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Coping styles in capital breeders modulate behavioural trade-offs in time allocation: assessing fine-scale activity budgets in lactating grey seals (Halichoerus grypus) using accelerometry and heart rate variability

Shuert, Courtney R.; Pomeroy, Patrick P.; Twiss, Sean D.

Coping styles in capital breeders modulate behavioural trade-offs in time allocation: assessing fine-scale activity budgets in lactating grey seals (Halichoerus grypus) using accelerometry and heart rate variability Thumbnail


Authors

Courtney R. Shuert

Patrick P. Pomeroy



Abstract

Balancing time allocation among competing behaviours is an essential part of energy management for all animals. However, trade-offs in time allocation may vary according to the sex of the individual, their age, and even underlying physiology. During reproduction, higher energetic demands and constrained internal resources place greater demand on optimizing these trade-offs insofar that small adjustments in time-activity may lead to substantial effects on an individual’s limited energy budget. The most extreme case is found in animals that undergo capital breeding, where individuals fast for the duration of each reproductive episode. We investigated potential underlying drivers of time-activity and describe aspects of trade-offs in time-activity in a wild, capital breeding pinniped, the grey seal Halichoerus grypus, during the lactation period. For the first time, we were able to access full 24-h activity budgets across the core duration of lactation as well as characterize how aspects of stress-coping styles influence time allocation through the use of animal-borne accelerometers and heart rate monitors in situ. We found that there was a distinct trade-off in time activity between time spent Resting and Alert (vigilance). This trade-off varied with the pup’s development, date, and maternal stress-coping style as indicated by a measure of heart rate variability, rMSSD. In contrast, time spent Presenting/Nursing did not vary across the duration of lactation given the variables tested. We suggest that while mothers balance time spent conserving resources (Resting) against time expending energy (Alert), they are also influenced by the inherent physiological drivers of stress-coping styles.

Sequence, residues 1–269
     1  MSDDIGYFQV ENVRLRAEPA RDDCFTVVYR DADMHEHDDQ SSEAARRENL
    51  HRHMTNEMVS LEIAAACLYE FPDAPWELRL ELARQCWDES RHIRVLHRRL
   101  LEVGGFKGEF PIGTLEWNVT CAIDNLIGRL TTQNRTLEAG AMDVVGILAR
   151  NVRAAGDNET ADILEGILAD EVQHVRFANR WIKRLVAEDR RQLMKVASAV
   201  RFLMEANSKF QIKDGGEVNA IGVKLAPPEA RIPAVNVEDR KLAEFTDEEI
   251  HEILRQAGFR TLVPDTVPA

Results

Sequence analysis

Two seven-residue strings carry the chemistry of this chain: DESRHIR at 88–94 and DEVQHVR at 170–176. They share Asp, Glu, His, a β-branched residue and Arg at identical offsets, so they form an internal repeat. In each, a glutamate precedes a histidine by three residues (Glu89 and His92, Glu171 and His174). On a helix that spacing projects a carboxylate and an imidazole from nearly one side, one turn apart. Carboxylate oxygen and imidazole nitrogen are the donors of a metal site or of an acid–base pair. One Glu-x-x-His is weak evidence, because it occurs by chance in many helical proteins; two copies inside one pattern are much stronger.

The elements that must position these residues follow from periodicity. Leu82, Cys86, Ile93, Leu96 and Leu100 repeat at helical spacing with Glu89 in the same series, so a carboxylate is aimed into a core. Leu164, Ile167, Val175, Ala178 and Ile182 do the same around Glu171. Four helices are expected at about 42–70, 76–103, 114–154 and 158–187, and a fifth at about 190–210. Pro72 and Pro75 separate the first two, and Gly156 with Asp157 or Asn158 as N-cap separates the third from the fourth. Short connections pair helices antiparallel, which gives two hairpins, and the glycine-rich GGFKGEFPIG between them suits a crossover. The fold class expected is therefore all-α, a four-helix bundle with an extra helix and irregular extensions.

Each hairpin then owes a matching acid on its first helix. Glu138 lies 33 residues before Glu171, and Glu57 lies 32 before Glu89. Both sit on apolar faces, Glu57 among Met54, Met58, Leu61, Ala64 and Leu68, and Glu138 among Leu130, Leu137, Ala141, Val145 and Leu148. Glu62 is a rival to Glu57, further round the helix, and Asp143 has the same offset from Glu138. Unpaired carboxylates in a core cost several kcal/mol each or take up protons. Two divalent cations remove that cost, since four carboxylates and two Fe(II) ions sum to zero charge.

Journal Article Type Article
Acceptance Date Dec 12, 2019
Online Publication Date Dec 26, 2019
Publication Date Jan 31, 2020
Deposit Date Jan 3, 2020
Publicly Available Date Jan 7, 2020
Journal Behavioral Ecology and Sociobiology
Print ISSN 0340-5443
Electronic ISSN 1432-0762
Publisher Springer
Peer Reviewed Peer Reviewed
Volume 74
Issue 1
Article Number 8
DOI https://doi.org/10.1007/s00265-019-2783-8
Public URL https://durham-repository.worktribe.com/output/1311178

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Publisher Licence URL
http://creativecommons.org/licenses/by/4.0/

Copyright Statement
© The Author(s) 2019. This article is licensed under a Creative Commons Attribution 4.0 International License, which permits use, sharing, adaptation, distribution and reproduction in any medium or format, as long as you give appropriate credit to the original author(s) and the source, provide a link to the Creative Commons licence, and indicate if changes were made. The images or other third party material in this article are included in the article's Creative Commons licence, unless indicated otherwise in a credit line to the material. If material is not included in the article's Creative Commons licence and your intended use is not permitted by statutory regulation or exceeds the permitted use, you will need to obtain permission directly from the copyright holder. To view a copy of this licence, visit http://creativecommons.org/licenses/by/4.0/.






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